Teens Raising Awareness Of Tobacco Marketing Practices

Atlanta, March 3, 2017 – The Georgia Department of Public Health (DPH) partnered with The Center for Pan Asian Community Services (CPACS) and Georgia Team Empowerment (GATE) to conduct an assessment of geographical zip codes representing immigrant and refugee communities as part of a pilot project. This assessment explores the point-of-sale (POS) on various tobacco products and its accessibility to the young population in order to understand what messages about retail availability should be presented to the communities of focus in a culturally and linguistically appropriate way.

Three communities (Doraville, Chamblee, and Clarkston) located in DeKalb County were chosen for the pilot. During the months of November and December 2016, GATE youths conducted the Standardized Tobacco Assessment for Retail Settings (STARS) survey with 54 tobacco retailers with only 33 retailers agreeing to participate. Convenience stores/gas stations and grocery stores were the go-to place for smokers to purchase tobacco products. 91% of observed retailers did not display any graphic health warning signs. 82% of tobacco retailers sold cigarillos with 67% carrying different flavored products. Of particular concern the option of flavored cigarillos makes the product become much more attractive to the young population.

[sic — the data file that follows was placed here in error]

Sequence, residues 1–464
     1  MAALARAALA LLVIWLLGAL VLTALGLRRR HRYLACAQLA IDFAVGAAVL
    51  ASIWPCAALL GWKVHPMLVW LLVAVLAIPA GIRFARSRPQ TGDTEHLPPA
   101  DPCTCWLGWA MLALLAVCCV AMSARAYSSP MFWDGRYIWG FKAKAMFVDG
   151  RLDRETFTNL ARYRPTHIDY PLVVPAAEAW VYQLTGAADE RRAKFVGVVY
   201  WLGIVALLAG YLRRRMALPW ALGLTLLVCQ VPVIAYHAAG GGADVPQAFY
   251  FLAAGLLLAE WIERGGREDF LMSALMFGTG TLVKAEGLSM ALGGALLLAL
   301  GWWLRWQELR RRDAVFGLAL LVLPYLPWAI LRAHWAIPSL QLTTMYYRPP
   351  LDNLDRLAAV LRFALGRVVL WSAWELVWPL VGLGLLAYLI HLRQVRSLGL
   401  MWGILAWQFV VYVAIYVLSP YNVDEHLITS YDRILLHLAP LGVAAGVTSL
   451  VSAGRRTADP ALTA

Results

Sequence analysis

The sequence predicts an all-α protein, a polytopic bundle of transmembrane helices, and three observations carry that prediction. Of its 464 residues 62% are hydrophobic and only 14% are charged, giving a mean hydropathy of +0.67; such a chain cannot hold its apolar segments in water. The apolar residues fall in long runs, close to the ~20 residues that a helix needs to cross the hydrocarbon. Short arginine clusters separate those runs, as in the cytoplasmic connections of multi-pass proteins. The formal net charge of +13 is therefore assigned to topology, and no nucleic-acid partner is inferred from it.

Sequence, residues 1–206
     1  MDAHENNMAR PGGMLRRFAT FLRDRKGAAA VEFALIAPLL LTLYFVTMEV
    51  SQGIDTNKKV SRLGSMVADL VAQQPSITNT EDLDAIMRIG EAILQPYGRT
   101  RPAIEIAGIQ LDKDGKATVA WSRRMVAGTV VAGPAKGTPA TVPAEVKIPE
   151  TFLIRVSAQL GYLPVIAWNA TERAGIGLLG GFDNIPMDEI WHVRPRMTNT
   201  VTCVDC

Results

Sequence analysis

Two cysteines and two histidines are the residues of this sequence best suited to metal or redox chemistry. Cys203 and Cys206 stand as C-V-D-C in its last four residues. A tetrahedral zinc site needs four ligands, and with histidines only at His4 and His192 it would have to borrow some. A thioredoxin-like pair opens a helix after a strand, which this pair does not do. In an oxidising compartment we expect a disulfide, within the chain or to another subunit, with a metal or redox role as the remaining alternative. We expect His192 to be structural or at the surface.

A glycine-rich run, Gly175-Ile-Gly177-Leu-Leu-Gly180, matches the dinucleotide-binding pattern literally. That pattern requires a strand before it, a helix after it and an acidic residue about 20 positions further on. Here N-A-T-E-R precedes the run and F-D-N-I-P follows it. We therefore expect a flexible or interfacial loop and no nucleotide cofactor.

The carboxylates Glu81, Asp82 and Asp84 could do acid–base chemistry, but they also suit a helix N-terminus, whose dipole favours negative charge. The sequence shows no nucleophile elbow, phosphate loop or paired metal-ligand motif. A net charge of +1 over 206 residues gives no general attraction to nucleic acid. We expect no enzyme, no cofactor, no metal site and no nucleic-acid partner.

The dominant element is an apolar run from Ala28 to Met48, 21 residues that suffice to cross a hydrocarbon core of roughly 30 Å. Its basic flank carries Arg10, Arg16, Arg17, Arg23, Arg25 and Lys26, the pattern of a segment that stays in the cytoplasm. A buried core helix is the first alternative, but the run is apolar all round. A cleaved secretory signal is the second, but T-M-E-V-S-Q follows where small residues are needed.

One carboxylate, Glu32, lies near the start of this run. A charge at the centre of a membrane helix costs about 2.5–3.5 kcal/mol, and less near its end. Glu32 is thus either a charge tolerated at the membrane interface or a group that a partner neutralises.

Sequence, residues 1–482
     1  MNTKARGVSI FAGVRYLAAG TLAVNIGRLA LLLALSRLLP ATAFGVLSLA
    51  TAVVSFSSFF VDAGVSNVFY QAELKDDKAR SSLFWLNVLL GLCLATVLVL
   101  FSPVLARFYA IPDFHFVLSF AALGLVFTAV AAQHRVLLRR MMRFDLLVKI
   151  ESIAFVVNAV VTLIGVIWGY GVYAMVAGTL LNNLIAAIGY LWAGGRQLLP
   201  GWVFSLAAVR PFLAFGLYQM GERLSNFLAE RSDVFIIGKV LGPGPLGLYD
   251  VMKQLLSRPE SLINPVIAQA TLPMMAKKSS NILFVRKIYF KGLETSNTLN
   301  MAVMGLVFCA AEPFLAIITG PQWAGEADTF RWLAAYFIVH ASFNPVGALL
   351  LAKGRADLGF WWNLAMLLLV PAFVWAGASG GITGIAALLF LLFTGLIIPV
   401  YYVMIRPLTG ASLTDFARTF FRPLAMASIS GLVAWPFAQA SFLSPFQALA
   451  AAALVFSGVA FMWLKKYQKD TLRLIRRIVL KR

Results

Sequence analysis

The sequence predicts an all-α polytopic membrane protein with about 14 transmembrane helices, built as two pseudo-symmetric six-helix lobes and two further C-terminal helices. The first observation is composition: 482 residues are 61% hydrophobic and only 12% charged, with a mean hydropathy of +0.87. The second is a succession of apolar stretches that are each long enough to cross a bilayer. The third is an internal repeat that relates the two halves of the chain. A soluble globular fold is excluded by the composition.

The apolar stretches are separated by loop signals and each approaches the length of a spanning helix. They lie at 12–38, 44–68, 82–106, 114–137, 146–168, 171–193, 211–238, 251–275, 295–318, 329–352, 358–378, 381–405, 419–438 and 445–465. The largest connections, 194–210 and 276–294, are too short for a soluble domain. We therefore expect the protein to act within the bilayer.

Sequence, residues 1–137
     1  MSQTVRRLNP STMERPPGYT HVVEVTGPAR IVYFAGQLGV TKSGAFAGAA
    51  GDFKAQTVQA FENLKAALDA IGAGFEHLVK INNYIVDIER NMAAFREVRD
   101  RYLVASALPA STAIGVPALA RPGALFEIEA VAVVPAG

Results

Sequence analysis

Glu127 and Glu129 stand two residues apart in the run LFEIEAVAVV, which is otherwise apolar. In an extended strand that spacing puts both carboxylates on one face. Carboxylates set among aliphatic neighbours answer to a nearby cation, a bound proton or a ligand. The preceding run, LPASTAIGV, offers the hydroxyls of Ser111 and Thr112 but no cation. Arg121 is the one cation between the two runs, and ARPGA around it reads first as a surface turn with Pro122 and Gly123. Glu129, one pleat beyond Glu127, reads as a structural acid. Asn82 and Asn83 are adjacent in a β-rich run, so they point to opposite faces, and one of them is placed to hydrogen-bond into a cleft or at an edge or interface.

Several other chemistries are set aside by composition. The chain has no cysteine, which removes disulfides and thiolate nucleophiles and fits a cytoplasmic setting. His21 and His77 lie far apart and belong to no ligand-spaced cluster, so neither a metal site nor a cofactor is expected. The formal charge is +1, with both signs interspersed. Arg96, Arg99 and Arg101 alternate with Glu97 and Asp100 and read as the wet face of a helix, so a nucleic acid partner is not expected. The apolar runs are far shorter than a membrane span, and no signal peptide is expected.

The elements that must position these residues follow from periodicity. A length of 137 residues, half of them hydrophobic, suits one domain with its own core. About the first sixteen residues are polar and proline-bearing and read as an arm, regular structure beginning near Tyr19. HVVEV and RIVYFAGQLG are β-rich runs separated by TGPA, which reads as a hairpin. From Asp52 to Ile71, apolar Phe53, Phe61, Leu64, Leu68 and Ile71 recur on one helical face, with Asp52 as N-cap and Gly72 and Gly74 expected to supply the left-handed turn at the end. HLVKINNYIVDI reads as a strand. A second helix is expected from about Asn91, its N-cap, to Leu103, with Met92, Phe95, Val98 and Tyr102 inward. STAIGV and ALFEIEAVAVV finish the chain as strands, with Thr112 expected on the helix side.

There was a high percentage of stores that had outdoor advertising. 24% of retailers placed products near toys and candy, and about 40% offered price promotions (i.e. multi-pack discounts or $1 off promotions). Further, the number of retail outlets in the City of Clarkston was particularly dense.

CPACS and GATE recommends that collected data be shared at the local and state level to reflect issues with point of sale marketing (i.e. signage and health warnings) and product placement. In addition, tobacco outlet density limitation should be implemented in order to avoid over-saturation of communities as is seen in the City of Clarkston. This will help decrease the likelihood that youths will be able to access tobacco products. Other recommendations include restricting retailers from operating within a certain distance to other retailers, and restricting retailers in certain locations such as residential and near school grounds and parks.